parts of the several views.
key portion 13 from the upper convexly curved surface
In the drawing:
-
which extends downwardly and inwardly into the lower
thereof.
A reduced bore 24 communicates with the en
FIG. 1 is an elevation view of one end of a shaft, and
the hub of a gear wheel which is operatively connected
to the shaft by means of a shear key made in accordance
larged bore 22 in the upper key portion 14 to permit
the sheared pin portions to be pushed out of the bores
with the principles of the invention;
the lower key portion 13 and in alignment with each of
the bores 23 to permit the sheared pins to be pushed out
FIG. 2 is an enlarged side elevation view of the shear
‘key shown in FIG. 1, taken substantially along the line
2-2, and looking in the direction of the arrows;
'FIG. 3 is an enlarged elevational section view of the
shear key illustrated in FIG. 2, taken along the line 3-3
thereof, and looking in the direction of the arrows;
FIG, 4 is a top plan view of the shear key illustrated
in FIG. 2, taken along the line 4-4 thereof, and look
ing in the direction of the arrows;
‘FIG. 5 is an end elevation view of a second shear key
embodying the principles of the invention;
FIG. 6 is a reduced side elevation view of the shear
22. A similar reduced bore as 25 is also formed through
of the bores 23.
The shear key 1'2 is dimensionally the same as a stand
ard lock key.
The shear key portions 13 and 14 are
made from any suitable material, as for example, a tool
steel or the like. The shear pins 21 are also made from
any suitable material, as for example, a metal or the like
which is adapted to break when a predetermined torque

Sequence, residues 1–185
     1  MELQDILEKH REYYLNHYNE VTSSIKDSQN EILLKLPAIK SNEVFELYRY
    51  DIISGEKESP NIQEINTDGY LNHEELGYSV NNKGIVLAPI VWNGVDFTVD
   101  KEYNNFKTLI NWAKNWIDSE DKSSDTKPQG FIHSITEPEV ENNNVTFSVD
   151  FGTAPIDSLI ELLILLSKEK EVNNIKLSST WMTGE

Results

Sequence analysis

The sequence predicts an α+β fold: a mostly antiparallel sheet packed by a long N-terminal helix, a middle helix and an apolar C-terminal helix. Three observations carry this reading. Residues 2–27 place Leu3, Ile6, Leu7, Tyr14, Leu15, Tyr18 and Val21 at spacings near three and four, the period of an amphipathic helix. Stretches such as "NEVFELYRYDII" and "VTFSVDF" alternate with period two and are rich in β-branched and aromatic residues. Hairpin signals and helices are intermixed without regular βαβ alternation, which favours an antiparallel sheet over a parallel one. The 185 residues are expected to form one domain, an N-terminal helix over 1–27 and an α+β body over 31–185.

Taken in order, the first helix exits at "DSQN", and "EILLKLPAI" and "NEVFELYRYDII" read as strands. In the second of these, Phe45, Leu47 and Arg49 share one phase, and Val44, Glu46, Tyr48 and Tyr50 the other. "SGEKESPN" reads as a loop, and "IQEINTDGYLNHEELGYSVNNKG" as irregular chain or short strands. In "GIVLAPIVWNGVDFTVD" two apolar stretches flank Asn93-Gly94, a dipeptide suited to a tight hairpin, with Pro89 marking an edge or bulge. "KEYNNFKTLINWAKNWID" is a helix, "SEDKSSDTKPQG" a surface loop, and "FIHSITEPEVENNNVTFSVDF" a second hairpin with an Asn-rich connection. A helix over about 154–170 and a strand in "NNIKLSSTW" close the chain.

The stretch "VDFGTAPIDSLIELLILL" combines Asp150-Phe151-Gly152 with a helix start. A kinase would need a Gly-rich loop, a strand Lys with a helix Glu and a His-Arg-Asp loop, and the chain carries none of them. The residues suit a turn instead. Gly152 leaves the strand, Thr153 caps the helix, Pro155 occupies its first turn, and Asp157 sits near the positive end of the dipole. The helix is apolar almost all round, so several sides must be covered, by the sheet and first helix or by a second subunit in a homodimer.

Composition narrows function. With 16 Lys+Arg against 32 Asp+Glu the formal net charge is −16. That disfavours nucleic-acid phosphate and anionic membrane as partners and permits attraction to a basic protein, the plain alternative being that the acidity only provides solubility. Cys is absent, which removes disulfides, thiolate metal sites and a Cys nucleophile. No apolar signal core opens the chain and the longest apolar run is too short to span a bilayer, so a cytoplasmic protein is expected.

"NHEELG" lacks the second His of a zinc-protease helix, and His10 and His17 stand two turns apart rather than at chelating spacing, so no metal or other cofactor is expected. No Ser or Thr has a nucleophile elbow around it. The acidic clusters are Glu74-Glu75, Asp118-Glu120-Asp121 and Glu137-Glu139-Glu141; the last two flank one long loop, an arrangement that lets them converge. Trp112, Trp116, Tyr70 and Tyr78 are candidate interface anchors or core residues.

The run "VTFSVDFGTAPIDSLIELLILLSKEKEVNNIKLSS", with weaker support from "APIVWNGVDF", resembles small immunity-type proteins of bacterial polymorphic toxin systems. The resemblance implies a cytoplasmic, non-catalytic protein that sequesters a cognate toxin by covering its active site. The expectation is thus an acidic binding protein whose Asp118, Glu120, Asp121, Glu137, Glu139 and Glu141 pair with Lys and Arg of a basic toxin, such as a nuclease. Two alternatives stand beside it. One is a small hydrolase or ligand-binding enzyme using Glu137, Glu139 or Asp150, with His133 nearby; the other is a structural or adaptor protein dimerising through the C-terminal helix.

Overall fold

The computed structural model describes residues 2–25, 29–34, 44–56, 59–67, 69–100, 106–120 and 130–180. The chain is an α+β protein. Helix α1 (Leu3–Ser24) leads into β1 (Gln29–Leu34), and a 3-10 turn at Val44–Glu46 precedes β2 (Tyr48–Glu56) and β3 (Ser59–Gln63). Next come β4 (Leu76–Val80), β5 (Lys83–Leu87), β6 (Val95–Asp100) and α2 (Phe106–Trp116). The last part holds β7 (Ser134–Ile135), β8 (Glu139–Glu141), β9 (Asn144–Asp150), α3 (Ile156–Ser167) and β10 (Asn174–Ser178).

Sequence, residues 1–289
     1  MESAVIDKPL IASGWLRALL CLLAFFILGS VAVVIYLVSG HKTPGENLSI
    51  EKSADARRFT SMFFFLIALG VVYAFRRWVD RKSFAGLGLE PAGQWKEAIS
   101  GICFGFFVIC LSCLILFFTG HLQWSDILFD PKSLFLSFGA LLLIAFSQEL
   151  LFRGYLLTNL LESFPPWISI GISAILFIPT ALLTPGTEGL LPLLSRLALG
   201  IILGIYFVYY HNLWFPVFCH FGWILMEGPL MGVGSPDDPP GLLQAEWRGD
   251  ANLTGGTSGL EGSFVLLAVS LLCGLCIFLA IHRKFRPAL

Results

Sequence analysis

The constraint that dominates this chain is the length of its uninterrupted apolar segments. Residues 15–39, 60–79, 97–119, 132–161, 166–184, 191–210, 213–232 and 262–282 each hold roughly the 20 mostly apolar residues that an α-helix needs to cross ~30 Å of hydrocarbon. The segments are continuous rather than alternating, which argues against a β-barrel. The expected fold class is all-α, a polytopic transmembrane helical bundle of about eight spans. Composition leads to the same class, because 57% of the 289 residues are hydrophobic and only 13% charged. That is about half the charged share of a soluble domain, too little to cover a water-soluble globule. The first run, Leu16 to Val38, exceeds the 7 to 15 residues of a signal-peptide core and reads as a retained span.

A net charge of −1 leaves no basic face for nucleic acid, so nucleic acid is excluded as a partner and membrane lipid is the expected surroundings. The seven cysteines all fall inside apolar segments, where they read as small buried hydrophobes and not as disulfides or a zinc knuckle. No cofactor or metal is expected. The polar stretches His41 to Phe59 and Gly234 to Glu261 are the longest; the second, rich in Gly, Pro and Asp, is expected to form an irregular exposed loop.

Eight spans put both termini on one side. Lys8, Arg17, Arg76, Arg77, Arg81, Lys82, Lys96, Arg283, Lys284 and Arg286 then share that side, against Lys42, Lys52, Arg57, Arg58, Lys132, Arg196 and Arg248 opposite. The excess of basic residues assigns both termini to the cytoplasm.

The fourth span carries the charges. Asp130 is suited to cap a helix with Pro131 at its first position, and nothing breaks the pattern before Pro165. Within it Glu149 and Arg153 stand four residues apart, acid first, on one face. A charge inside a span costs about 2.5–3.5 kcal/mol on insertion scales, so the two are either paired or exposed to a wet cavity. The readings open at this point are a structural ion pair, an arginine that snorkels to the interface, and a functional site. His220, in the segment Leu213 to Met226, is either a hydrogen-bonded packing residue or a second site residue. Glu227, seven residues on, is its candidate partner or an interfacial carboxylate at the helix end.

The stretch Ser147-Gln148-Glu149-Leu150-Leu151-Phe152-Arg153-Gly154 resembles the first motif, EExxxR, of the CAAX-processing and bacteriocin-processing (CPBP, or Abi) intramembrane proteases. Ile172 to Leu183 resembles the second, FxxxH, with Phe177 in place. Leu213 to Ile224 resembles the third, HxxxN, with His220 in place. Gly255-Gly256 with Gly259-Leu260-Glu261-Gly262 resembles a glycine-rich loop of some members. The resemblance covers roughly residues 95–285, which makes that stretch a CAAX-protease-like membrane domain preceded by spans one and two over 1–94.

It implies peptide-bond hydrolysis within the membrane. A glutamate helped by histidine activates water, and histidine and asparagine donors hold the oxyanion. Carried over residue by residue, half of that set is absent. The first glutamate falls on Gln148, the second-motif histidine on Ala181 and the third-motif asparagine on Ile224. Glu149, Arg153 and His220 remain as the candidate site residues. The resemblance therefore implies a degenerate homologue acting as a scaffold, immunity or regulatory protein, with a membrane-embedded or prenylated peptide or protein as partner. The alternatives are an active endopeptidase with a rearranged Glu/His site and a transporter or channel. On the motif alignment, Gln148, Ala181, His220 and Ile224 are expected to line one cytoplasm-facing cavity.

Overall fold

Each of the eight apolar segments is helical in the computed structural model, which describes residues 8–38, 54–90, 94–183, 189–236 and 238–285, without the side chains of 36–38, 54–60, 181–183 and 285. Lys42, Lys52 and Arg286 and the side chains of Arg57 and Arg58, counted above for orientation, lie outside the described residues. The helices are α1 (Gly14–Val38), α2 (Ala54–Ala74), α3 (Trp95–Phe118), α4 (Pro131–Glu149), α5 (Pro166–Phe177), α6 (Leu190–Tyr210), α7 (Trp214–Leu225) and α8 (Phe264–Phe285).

is impressed thereon.
.
In the use of the shear key illustrated in FIGS. 1
through 4, the shear key 12 releasably connects the shaft
11 to the hub 18 of the gear wheel so that when the
key illustrated in FIG. 5, taken along the line 6-6 there
shaft 11 is rotated in either direction, the hub 10 will
also be likewise rotated through the shear key'12. The
of, and looking in the direction of the arrows;
FIG. 7 is a top plan view of the shear key illustrated 55 shear key 12 is adapted to be used in all standard key—
ways. When the shaft 11 drives the hub 10 in either di
in FIG. 6, taken along the line 7-7 thereof, and looking
rection, the pins 21 will be subjected to shearing strains
in the direction of the arrows;
created by the torque being transmitted from the shaft 11
FIG. 8 is an elevational section view of a third shear
to the hub 11}. The hub 10 will continue to be driven by
FIG. 9 is a reduced side elevation view of the shear 60 the shaft 11 so long as the shearing strains do not exceed
the shear strength of the pins 21. Upon the occurrence
key illustrated in FIG. 8, taken along the line 9-9‘ there
of an overload on the shaft 11, the pins 21 will shear
of, and looking in the direction of the arrows; and,
key embodying the principles of the invention;
FIG. 10 is a broken, top plan view of the shear key
illustrated in FIG. 9, taken along the line 10-10 thereof,
and looking in the direction of the arrows.
Referring now to the drawings, and in particular to
FIGS. 1 through 4, the numeral 10 indicates the end of
a hub of a gear wheel or the like which is adapted to
or snap or otherwise be broken in two with the one por~
tion of each pins remaining the bore 22 in the shear key
65 part 14 and the other portion of each key remaining in the
bore 23 in the shear key part 13. The shearing of the
pins 21 severes the driving relation between the shaft 11
and hub '12 and relative rotation between them may then